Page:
Where Is Europe’s Mohammed Bouazizi? Tunisia Has A Message For Europe
IN Tunisia Mohammed Bouazizi set himself alight in a protest over unemployment and state control. He is now dead. Thích Quảng Đức did the same in Vietnam. In Tunisia Zine El Abidine Ben Ali, the Tunisian president, says he will nto run for office. After 23 years “serving” the people he will go in 2014. He’s already left. He’s in Malta. He will surely end up in Paris. And in his place is Prime Minister Mohammed Ghannouchi.
The Economist reports that Ali
“…turned Tunisia into a police state known for its efficiency. Occasional worries about authoritarian tendencies in more relaxed North African states such as Morocco were frequently referred to as ‘Ben-Alisation’.”
Things are brutal. A police sniper shoots to kill (warning – this is graphic):
But what next? One Egyptian blogger notes:
Revolutions in Egypt, Iran and Pakistan have had the same emotional reaction from people, as they stared in awe at their proclaimed ’saviors’ whose true face has now been revealed. They were no better than the previous leaders.
Nick Baumann is pessimistic:
Elliott Abrams, a former Bush administration official who unfortunately is rarely right about anything, thinks that if democracy can take hold in Tunisia, is could spread elsewhere in the Arab world, too.
Was Mr Bouazizi the catalyst? Yes. At his funeral around 5,000 chanted:
“Farewell, Mohammed, we will avenge you. We weep for you today, we will make those who caused your death weep.”
The truth outs. Foreign Policy‘s Christopher Alexander explains:
Shortly before the December protests began, WikiLeaks released internal U.S. State Department communications in which the American ambassador described Ben Ali as aging, out of touch, and surrounded by corruption. Given Ben Ali’s reputation as a stalwart U.S. ally, it mattered greatly to many Tunisians—particularly to politically engaged Tunisians who are plugged into social media—that American officials are saying the same things about Ben Ali that they themselves say about him. These revelations contributed to an environment that was ripe for a wave of protest that gathered broad support.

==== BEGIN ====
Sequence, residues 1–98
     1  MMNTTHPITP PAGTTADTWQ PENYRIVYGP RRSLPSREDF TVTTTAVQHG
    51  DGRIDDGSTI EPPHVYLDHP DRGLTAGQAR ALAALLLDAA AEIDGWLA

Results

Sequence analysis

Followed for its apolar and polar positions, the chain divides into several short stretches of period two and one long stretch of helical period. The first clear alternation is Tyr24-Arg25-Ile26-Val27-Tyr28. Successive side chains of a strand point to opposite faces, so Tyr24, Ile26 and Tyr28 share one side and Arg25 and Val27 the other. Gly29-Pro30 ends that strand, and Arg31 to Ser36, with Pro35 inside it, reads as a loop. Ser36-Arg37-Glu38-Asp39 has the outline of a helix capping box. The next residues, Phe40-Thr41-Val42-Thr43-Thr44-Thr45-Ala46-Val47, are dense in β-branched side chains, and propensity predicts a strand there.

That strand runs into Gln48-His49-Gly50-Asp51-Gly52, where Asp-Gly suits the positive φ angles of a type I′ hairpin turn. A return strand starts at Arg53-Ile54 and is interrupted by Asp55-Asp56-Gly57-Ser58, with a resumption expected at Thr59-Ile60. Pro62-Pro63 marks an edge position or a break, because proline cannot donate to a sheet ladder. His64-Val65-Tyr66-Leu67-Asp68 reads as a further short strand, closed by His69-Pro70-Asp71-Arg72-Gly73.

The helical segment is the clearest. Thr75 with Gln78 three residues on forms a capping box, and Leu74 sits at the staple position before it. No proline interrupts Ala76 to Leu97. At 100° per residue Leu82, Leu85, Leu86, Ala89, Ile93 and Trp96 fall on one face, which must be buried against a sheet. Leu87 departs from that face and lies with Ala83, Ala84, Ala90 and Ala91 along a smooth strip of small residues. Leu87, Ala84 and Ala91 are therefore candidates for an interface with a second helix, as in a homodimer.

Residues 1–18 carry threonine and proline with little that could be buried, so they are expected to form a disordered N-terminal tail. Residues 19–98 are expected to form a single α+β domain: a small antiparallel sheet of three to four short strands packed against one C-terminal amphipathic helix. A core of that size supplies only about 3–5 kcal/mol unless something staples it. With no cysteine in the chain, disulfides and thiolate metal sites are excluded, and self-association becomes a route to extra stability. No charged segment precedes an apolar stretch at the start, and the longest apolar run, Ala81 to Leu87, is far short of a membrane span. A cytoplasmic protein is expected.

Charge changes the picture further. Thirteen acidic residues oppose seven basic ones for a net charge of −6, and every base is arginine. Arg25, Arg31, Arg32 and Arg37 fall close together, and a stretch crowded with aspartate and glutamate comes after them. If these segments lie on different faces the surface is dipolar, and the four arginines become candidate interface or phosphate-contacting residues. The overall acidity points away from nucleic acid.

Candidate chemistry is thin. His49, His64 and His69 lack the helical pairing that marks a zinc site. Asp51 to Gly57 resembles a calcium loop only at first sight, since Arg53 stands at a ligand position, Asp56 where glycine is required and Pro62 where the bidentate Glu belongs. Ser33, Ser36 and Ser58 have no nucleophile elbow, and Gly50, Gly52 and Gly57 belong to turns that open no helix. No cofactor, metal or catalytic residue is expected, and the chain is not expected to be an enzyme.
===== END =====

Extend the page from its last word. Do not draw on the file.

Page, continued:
The method used to calculate labour statistics has been criticised many times by the International Labour Organisation. The question asked to ascertain employment statistics in a country like Egypt is, “Have you done any paid work during the last week?” If the answer is yes, the person is not counted as unemployed.
“It’s the same in many other Arab countries,” says Achy. But this standard produces a distorted picture of the reality of employment, unemployment and underemployment in the Arab world.
Theodore Dalrymple says such actions point the way to what’s coming in Europe.
The story of the young Tunisian Mohammed Bouazizi, whose suicidal self-immolation was the spark that set Tunisia aflame, is instructive.
He was 26 and had a degree in computer science. Like 200,000 other university graduates in Tunisia (in a population of 10 million), he could not find a job. He then tried selling fruits and vegetables from a stall. However, he did not have bureaucratic permission to do this—such permission being bestowed by other university graduates, lucky or well-connected enough to have found jobs in the public-sector bureaucracy. The police constantly harassed him because he didn’t have the requisite licenses. It is said that he set fire to himself when a policeman spat in his face. …
The penny is not likely to drop soon regarding the fact that governments don’t create jobs; at best, they create the conditions in which jobs can be created. The future of Europe, I fear, can be discerned in Tunis and Algiers.